Manisha Sinha, Afro-American Studies, has done much to document the practical and theoretical contributions of black abolitionists.
A professor in UMass Amherst’s W. E. B. Du Bois Department of Afro-American Studies and the director of its graduate program, Sinha is a much-acclaimed historian of slavery, regional conflict in the antebellum U.S., the Civil War, and Reconstruction. Much of her richest, most rewarding work, however, has been on the abolitionist movement.
Sinha has done much to document the practical and theoretical contributions of such black abolitionists as James W. C. Pennington, who received an honorary doctorate of divinity from the University of Heidelberg in 1849, at a point when he was not permitted to ride public streetcars in the United States. Sinha has also worked to dispel the notion that the abolitionists “caused” the Civil War. “We can blame them for emancipation,” she says, “but not the war.”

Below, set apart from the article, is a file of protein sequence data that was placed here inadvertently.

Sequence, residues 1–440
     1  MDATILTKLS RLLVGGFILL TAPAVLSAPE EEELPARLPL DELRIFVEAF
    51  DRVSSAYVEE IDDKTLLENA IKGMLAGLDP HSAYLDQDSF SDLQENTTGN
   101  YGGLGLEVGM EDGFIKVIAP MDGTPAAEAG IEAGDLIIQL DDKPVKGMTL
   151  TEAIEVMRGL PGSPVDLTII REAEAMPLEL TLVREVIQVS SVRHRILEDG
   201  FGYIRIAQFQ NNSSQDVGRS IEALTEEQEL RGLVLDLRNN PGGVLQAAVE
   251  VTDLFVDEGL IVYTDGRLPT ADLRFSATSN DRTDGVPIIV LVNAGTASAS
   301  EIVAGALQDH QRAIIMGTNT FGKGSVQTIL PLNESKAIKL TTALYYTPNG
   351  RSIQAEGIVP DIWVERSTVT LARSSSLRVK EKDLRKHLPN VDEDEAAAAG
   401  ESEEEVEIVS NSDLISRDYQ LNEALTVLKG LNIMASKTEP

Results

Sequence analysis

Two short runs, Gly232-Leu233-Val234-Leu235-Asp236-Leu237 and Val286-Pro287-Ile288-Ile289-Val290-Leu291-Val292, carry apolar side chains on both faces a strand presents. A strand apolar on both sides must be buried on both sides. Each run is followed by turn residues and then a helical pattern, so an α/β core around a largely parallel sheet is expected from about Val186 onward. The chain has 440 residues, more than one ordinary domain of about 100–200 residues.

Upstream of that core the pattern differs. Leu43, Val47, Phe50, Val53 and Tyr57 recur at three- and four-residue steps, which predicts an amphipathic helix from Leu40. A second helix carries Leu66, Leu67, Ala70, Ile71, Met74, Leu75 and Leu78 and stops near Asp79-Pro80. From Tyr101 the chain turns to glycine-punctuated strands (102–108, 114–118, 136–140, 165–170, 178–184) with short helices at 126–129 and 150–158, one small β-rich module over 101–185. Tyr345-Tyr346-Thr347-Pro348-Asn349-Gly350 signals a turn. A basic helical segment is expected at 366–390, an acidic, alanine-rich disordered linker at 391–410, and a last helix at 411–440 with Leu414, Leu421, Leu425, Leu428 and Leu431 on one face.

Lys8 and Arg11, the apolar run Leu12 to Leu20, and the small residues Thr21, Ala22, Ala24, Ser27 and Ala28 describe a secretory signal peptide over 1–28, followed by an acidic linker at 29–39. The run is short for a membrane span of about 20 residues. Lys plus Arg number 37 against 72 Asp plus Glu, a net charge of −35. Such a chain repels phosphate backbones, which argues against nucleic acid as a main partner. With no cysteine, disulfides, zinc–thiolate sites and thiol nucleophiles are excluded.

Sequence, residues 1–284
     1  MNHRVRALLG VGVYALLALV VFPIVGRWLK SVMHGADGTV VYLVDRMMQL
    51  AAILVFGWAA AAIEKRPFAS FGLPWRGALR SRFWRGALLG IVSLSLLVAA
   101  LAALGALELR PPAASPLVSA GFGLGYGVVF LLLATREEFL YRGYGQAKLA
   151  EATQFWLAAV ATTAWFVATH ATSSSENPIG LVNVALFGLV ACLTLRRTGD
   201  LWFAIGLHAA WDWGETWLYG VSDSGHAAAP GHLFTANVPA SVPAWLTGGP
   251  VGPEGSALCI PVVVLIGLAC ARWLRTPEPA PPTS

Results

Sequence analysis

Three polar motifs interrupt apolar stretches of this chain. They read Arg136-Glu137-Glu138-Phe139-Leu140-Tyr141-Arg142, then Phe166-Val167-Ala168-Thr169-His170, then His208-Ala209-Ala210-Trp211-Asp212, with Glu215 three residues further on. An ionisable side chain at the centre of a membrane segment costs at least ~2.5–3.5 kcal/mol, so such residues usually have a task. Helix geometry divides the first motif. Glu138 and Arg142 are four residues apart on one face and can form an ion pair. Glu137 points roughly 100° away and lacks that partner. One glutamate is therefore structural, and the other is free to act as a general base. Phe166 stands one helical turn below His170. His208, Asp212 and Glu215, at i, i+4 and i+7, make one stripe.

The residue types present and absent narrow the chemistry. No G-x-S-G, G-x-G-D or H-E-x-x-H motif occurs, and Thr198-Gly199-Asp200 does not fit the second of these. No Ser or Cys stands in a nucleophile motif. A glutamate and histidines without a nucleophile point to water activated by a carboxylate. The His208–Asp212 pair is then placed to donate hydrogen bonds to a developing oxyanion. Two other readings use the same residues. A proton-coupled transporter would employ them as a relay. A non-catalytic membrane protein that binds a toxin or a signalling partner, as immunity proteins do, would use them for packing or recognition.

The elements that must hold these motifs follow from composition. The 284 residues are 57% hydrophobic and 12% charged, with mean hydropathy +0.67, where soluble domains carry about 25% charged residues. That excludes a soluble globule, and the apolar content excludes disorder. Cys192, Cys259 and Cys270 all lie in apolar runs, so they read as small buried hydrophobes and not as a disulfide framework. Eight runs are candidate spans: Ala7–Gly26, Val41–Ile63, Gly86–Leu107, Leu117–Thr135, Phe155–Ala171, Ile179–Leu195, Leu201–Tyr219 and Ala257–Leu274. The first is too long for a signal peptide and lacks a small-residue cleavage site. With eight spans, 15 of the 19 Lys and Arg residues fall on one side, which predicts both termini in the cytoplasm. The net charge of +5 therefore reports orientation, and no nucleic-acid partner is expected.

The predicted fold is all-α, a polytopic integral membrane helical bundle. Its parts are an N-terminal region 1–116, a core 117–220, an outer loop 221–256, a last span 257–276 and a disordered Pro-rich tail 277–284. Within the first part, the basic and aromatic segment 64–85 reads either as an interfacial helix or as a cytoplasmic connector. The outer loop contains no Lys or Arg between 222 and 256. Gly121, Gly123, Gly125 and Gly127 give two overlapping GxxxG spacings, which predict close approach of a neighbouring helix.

Sinha’s book on the abolitionist movement, scheduled for publication in 2013 by Yale University Press, will duly honor the contributions of black Americans but will also deal with the movement as a whole. She has contributed to an upcoming episode on abolition for PBS’s American Experience series and is the lead historian for an exhibition on the subject to be housed at the Brooklyn Historical Society. Sinha also delivered the keynote address for the April 2012 National Public History Underground Railroad Conference in Troy, N.Y.
February 6, 2012